at the wedding ceremony.
- For Female Adults
There are Chima for bottom, Jeogori for top and Magoja and Durumagi for coat for female adults.
Sometimes they wore Baeja on Jeogori and they usually wore Teol-baeja in winter.
They wore Hwalot or Wonsam which were the dress of women in the palace for wedding ceremony
and wore Sang-bok for funeral. In 19th century when the length of Jeogori was extremely short,
they wore Sok-jeoksam and Heoritti together with Jeogori to cover their breast or armpits.
- For Male Kids
The everyday dresses for boys were same as those of male adults
but they wore Bokgeon on the head. Hanbok for only kids is Dol-bok for the first birthday.
Boys wore Heoritti (belt) which a lucky bag is attached and a leopard printed Hogeon.
They also wore a clothes named Obangjang Durumagi with the color of red, yellow, blue and
white which has the meaning of bless of the life of the boy.
- For Female Kids
Girls wore Chima, Jeogori, Baeja and Durumagi for everyday dresses and
wore Gule on the head to prevent from cold weather. Girls also wore Obangjang Durumagi
at their first birthday to wish their luck.
Composition of Hanbok
It is a basic top cloth of Hanbok composed of body, collar, outer collar at the adjusting part,
and sleeves. It is separated for men and women and is varied to materials, the way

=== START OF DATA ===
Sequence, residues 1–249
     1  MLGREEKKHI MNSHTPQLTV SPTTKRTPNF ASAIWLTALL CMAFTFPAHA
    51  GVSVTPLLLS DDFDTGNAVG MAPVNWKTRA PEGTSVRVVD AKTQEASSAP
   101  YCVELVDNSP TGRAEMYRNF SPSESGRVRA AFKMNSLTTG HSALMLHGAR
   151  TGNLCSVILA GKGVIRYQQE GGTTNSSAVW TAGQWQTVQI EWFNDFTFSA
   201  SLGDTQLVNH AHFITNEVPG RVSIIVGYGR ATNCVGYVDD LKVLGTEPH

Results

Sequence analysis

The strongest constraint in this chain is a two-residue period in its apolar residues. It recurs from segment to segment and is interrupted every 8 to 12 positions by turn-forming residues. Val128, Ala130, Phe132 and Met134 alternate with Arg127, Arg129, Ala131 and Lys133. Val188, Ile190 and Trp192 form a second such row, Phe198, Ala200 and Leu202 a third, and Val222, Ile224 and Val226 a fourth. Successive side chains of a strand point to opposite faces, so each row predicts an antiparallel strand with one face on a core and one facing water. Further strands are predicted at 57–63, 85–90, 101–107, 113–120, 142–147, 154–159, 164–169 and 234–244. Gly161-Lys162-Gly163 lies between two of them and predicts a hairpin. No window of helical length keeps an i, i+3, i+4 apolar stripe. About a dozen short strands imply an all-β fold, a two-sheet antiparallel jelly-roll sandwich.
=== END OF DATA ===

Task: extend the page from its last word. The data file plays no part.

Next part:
it is made and the shapes.
- Chima (Skirt)
Chima is a basic bottom wear for women and is simply composed of body, belt and rope.
There are Hot-chima, Gyeop-chima and Nubi-chima for Geot-chima
which is an everyday dress and there are Mujigi and Daesum-chima for Sok-chima (inner skirt).
Seuran-chima and Daeran-chima are for formal dresses.
There are Pul-chima and Tong-chima varied by its shape of the skirt hem.
- Baji (Trousers)
Baji is a basic bottom wear for men since the Age of the Three States.
They wore Heoritti (belt) and Daenim (belt for ankle).
Women also wore Baji named “Go” in the Age of Three States
but later they became to wear mainly Chima and Baji was worn as an inner dress.
The outer cloth of Hanbok and it is a cloth for going out.
People certainly wore Durumagi for going out then
but recently it has got the position as a formal dress
that it has been worn at the event as memorial services, Sebae (the New Year’s greetings)
and Dol-janchi of babies. The types of Durumagi are separated for seasons.
Gyeop-durumagi is for spring and fall, Hot-durumagi is for summer
and Som-durumagi is for winter.
The name of Durumagi came from the meaning that all sides are blocked.
It is a cloth worn over Jeogori and has a shape of a vest without buttons.
It looks similar with Magoja but it has no sleeves.
It is for both men and women and cotton or wool are put in Baeja in winter.
It is separated as Jang-baeja and Dan-baeja to its length.
They correspond to the socks of these days and both men and women wore them.
They were worn with be distinguished with the thing
which has a stitching on right direction in it is for right foot,
and has it on left direction is for left foot separately.
They are classified as straight-Beoseon and laid-Beoseon according to the shape,
and as Som-beoseon, Gyeop-beoseon, Hot-beoseon, Nubi-beoseon and
Tarae-beoseon according to the sewing skill. And it was called as Jokeui
which means clothes for feet.